Once Theodor reached Segeberg, a tall officer wearing a Prussian uniform of a blue shirt and gray pants under a spiked pickelhaube met him with his Zündnadelgewehr, a breechloading needle gun, in one hand. Its muzzle and bayonet pointing straight up. The officer called out with kind authority, “halt. What is your name, son?”
“Theodor. Theodor Schaffer.”
“Korporal, check the list for Theodor Schaffer.”
The korporal stood next to the officer with folds of paper. His disinterested look bothered Theodor. The folds of paper were well worn, and the korporal knew exactly what page he needed. “Sir, we need to verify his parent’s names.”
“Mr. Schaffer, who are your parents?”
This was beginning to bother Theodor. He was aware of the rumors of war with France and twitched nervously in his seat. He thought of making a run for it, but he knew that with a full wagon he could never outrun the Prussian military. He hoped it was just a check to ensure he was Theodor Schaffer and not some French imposter bent on something nefarious. But it could also be something else, and that worried Theodor immensely. The horses sensed his discomfort; he heard a few neighs and saw some stutter steps with their tails clamped down.
The officer grasped his rifle now with both hands slightly angling it towards Theodor. “Mr. Schaffer.”
“Sorry sir, my parent’s names are Koenraad and Mili Schaffer from Wahlstedt.”
The officer looked over at the korporal. But kept the gun at ready.
“Yes, sir that is correct.”
“Private Schaffer. Under the authority of Otto von Bismarck, you have been conscripted into the Prussian Army. Please dismount and join the recruits”
The worse had happened. Theodor didn’t know what to do. If he ran, he would now be shot. As concerned as he was about his own life, it was his family that consumed his worries. “Sir, I am a trader and these goods must be delivered to my family.” Theodor’s nervous voice didn’t seem to mean much to the officer, but still he hoped, for something.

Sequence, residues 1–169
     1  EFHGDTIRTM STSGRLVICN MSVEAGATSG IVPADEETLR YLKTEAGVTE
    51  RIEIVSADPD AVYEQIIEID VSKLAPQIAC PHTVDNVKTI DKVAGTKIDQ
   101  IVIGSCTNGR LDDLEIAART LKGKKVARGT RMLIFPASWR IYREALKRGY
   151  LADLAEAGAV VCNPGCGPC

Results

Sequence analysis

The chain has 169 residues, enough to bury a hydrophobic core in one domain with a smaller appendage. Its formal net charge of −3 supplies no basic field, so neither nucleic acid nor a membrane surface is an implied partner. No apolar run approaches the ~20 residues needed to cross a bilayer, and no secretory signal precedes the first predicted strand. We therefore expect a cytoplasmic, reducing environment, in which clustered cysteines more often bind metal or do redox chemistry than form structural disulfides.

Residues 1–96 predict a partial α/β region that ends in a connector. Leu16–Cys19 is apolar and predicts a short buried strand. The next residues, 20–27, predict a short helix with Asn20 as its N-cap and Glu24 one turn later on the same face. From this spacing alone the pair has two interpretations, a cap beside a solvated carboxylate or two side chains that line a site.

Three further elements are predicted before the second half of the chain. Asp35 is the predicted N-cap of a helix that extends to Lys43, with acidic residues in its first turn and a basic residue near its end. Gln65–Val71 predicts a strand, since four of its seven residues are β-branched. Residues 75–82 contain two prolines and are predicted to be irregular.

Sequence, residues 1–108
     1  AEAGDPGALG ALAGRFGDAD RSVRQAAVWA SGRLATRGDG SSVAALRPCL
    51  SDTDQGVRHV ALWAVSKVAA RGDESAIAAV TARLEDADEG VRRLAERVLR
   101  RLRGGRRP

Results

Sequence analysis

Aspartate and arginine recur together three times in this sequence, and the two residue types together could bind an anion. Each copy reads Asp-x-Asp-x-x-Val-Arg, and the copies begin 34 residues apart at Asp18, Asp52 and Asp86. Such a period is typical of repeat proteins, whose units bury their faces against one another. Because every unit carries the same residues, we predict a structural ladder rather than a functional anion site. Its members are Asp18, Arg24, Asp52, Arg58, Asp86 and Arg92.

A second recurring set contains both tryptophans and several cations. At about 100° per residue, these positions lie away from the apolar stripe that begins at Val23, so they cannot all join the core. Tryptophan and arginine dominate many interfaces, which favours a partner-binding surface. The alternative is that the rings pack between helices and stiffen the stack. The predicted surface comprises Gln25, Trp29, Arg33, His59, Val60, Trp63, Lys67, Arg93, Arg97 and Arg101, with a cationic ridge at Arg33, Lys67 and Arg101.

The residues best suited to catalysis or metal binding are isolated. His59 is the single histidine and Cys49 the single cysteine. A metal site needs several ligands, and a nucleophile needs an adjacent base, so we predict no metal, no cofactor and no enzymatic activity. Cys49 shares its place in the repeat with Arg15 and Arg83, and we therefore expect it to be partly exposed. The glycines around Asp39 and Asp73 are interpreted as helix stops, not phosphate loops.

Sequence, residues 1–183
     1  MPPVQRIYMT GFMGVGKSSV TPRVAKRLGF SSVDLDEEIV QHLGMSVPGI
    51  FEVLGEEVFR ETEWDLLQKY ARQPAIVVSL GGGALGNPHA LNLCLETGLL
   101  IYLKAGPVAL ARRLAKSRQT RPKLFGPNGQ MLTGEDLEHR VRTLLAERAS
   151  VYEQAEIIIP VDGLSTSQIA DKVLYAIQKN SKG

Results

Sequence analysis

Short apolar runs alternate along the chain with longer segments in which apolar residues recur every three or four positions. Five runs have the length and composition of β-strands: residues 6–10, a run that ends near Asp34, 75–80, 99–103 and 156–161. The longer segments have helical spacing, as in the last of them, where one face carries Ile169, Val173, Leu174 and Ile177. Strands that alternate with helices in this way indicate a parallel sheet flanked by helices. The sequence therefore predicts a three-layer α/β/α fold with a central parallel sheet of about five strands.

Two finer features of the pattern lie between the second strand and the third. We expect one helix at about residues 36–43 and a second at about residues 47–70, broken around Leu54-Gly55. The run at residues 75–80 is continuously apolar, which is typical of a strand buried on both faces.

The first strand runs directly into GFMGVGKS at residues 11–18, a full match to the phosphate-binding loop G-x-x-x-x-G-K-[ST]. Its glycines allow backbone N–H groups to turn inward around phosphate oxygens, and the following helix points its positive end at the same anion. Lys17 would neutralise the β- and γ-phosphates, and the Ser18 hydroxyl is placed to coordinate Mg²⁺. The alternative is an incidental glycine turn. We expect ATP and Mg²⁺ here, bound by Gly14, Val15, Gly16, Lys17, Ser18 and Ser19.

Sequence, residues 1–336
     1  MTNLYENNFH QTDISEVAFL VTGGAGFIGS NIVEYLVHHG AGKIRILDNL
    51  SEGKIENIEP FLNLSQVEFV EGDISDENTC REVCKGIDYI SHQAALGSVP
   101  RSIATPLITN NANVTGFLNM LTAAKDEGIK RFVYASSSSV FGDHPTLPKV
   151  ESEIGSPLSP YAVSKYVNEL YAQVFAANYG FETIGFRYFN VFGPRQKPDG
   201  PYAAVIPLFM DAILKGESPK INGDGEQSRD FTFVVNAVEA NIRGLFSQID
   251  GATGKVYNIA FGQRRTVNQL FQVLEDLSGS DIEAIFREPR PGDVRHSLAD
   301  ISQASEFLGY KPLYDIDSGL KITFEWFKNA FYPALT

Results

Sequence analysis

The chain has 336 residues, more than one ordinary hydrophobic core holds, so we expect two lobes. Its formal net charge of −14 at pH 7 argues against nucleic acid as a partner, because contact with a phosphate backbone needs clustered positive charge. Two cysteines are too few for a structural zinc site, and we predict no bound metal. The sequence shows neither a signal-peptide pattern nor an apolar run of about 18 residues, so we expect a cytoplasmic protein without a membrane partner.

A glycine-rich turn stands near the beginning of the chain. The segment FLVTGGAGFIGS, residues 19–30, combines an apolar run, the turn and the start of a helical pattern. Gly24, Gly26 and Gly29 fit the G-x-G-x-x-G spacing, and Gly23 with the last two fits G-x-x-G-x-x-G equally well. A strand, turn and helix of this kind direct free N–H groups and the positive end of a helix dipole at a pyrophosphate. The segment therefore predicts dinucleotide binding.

The flap on the closest tent opened and out came the regiment commander for the Segeberg district. Theodor knew him. His name was Erich. He was originally from Wahlstedt, a friend of his father, and a former comrade of their neighbor Ailbe.
“I’m sorry Theodor, I cannot waive your conscription. But I can assign two Korporals to join you so that you can deliver your goods to your father. Afterwards, they will escort you to the Wahlstedt regiment.” Erich looked over at the officer. “Captain, do you have any objections to my orders?”
“Then do it.”
~ 13 May 1870, 1700, Wahlstedt, Segeberg.
Ailbe was covered in dirt. He spent the entire day working the farm with his twin boys. They have had a few days to absorb their immigration to America, but they were still furious. Ailbe understood their desire to fight for their homeland. After all, he once fought for Schleswig-Holstein, and he still suffers.
He walked in the door. “Get out of here, you dirt monster. I’m fixing dinner,” yelled his wife Emmeline.
He stopped mid-step and backed up in reverse. “Yes, Ma’am,” he said with a huge smile. Shutting the door after backing out, he saw Harimann and Hansi walking towards him, equally dirty. He warned them, “you better get cleaned up first. Your mother doesn’t tolerate dirt.”
Hansi replied, “then shouldn’t we be able to fight for our land? If not, isn’t that tolerating the French?”
Ailbe sighed. This has been nonstop the last six days. He understood their frustration, but he was getting tired of it. He had sent a telegram down to Hamburg to get schedules of ships departing for America and hoped to receive the reply soon. The sooner they left, the safer they would be. But for now, he just tolerated their intolerance. “Just get cleaned up, boys.”
Sitting around the table, Ailbe, Emmeline, Hansi, Harimann, and Elsie ate their dinner. Afterwards, the boys helped their mother clean up then asked if they could go outside.
Elsie asked, “I want to go outside too?”
Thankful to be alone with his wife, Ailbe said, “all of you go outside and play.”
“But don’t get dirty.” Their mother warned with a smile. She waited for them to all leave then picked up a paper and handed it to Ailbe. “Your reply arrived.”
Ailbe looked it over. “There is a ship leaving next week for America. We need to get them on it.”
Emmeline nodded but then looked at the door. Someone was fiercely knocking. She opened it and her neighbor and friend Mili stood outside. Her face wet with tears. “My boy, they took my boy. He is gone.”